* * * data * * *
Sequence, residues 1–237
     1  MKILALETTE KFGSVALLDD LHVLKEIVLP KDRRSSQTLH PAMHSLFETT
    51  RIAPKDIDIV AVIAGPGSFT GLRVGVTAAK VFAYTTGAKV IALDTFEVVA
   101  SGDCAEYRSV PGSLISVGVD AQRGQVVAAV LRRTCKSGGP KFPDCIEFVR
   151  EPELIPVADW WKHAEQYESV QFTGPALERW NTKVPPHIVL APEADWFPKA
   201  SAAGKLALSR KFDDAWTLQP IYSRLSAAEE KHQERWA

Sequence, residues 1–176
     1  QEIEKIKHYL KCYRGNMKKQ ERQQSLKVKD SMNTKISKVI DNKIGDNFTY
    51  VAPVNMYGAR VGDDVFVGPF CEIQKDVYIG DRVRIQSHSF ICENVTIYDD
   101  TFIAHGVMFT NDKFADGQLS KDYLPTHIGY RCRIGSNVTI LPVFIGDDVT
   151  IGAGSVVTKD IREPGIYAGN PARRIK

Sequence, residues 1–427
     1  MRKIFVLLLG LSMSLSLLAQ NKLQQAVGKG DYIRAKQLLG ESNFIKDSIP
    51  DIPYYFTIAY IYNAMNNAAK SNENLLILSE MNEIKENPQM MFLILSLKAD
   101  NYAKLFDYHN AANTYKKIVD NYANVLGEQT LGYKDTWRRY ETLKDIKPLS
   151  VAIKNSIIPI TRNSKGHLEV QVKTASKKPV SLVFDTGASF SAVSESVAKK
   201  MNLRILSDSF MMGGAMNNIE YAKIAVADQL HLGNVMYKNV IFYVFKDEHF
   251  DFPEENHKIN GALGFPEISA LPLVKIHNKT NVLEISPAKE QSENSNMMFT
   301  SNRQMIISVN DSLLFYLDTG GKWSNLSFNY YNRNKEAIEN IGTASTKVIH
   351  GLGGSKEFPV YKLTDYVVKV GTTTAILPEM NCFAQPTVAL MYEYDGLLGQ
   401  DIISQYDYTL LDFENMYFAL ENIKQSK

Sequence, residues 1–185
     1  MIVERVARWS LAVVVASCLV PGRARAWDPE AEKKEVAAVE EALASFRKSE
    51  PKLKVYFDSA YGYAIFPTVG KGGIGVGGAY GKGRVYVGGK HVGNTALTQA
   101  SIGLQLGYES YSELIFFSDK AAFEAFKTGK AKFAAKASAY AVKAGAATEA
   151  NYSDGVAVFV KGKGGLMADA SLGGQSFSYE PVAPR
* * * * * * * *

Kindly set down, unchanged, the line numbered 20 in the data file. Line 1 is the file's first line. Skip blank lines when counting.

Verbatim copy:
   351  GLGGSKEFPV YKLTDYVVKV GTTTAILPEM NCFAQPTVAL MYEYDGLLGQ